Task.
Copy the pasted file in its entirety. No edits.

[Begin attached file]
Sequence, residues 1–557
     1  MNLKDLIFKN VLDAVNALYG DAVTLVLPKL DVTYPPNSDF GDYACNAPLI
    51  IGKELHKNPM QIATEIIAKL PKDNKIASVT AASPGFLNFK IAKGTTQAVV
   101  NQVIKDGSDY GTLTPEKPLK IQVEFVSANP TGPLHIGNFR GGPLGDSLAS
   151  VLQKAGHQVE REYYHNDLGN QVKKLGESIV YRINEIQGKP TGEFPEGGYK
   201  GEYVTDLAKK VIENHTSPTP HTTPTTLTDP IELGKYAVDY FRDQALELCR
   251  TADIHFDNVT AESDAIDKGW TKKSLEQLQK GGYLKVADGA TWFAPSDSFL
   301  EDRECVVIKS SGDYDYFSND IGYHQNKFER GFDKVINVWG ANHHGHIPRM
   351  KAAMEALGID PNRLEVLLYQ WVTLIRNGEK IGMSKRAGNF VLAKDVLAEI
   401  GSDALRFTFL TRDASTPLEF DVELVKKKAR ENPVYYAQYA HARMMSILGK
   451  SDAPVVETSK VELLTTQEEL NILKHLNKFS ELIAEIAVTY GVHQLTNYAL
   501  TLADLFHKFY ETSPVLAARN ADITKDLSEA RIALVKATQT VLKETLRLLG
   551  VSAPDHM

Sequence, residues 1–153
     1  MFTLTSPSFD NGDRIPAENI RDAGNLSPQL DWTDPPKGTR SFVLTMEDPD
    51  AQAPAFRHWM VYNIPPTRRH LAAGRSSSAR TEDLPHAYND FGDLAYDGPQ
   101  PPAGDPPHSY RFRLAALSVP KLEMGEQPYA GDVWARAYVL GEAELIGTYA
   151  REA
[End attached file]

Sequence, residues 1–557
     1  MNLKDLIFKN VLDAVNALYG DAVTLVLPKL DVTYPPNSDF GDYACNAPLI
    51  IGKELHKNPM QIATEIIAKL PKDNKIASVT AASPGFLNFK IAKGTTQAVV
   101  NQVIKDGSDY GTLTPEKPLK IQVEFVSANP TGPLHIGNFR GGPLGDSLAS
   151  VLQKAGHQVE REYYHNDLGN QVKKLGESIV YRINEIQGKP TGEFPEGGYK
   201  GEYVTDLAKK VIENHTSPTP HTTPTTLTDP IELGKYAVDY FRDQALELCR
   251  TADIHFDNVT AESDAIDKGW TKKSLEQLQK GGYLKVADGA TWFAPSDSFL
   301  EDRECVVIKS SGDYDYFSND IGYHQNKFER GFDKVINVWG ANHHGHIPRM
   351  KAAMEALGID PNRLEVLLYQ WVTLIRNGEK IGMSKRAGNF VLAKDVLAEI
   401  GSDALRFTFL TRDASTPLEF DVELVKKKAR ENPVYYAQYA HARMMSILGK
   451  SDAPVVETSK VELLTTQEEL NILKHLNKFS ELIAEIAVTY GVHQLTNYAL
   501  TLADLFHKFY ETSPVLAARN ADITKDLSEA RIALVKATQT VLKETLRLLG
   551  VSAPDHM

Sequence, residues 1–153
     1  MFTLTSPSFD NGDRIPAENI RDAGNLSPQL DWTDPPKGTR SFVLTMEDPD
    51  AQAPAFRHWM VYNIPPTRRH LAAGRSSSAR TEDLPHAYND FGDLAYDGPQ
   101  PPAGDPPHSY RFRLAALSVP KLEMGEQPYA GDVWARAYVL GEAELIGTYA
   151  REA